A McDonald's employee prepares an order during a one-day hiring event at a McDonald's restaurant on April 19, 2011 in San Francisco, California. Photo: Getty Images/Justin Sullivan
Tue, Oct 15, 2013 3:05 PM EDT

This summer, fast-food workers across the country staged walkouts in 50 cities to demand a living wage, and a new study from UC Berkeley shows just how low those wages really are. Using data collected from the U.S. Census Bureau combined with public benefit programs, the study shows that 52 percent of front-line fast-food employees--such as cashiers, cooks, custodians, and greeters--are on some form of public assistance. The incredibly low median $8.94 hourly wage, combined with lack of healthcare benefits, and low hours make front-line fast-food employees particularly reliant on programs like food stamps and Medicaid.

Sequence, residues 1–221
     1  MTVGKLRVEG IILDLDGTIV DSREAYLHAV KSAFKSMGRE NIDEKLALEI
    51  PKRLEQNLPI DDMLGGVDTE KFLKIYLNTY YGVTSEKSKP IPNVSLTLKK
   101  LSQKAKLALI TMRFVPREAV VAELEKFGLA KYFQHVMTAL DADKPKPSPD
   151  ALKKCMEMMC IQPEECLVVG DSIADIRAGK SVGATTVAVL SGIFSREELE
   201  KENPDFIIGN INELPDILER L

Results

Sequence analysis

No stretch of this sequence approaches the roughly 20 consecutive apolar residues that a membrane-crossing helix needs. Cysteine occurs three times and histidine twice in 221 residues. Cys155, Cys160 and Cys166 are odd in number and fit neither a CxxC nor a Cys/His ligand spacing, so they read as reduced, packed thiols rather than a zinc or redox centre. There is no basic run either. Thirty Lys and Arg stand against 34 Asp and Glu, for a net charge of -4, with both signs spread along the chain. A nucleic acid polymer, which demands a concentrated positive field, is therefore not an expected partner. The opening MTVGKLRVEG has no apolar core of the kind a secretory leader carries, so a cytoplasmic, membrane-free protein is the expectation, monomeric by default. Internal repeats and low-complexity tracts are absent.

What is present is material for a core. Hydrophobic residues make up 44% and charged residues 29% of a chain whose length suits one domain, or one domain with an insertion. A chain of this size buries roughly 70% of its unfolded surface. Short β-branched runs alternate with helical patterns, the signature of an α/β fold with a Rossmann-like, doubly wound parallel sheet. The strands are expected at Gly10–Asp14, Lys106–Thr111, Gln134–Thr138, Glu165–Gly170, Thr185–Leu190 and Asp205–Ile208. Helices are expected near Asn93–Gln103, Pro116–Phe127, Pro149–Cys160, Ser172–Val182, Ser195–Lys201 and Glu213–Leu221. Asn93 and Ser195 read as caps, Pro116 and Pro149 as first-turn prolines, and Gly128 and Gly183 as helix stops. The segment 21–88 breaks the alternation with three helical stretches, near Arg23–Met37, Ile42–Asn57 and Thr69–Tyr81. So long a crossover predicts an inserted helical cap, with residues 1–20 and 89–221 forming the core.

A complimentary study produced by the National Employment Law Project (NELP), says the result of paying fast-food workers low wages is also costing taxpayers money. According to NELP the top 10 fast-food companies in the U.S. cost taxpayers approximately $3.8 billion. The findings from these studies also show that fast-food employees, more than those in any other type of service work, are disproportionately dependent on public assistance to make ends meet.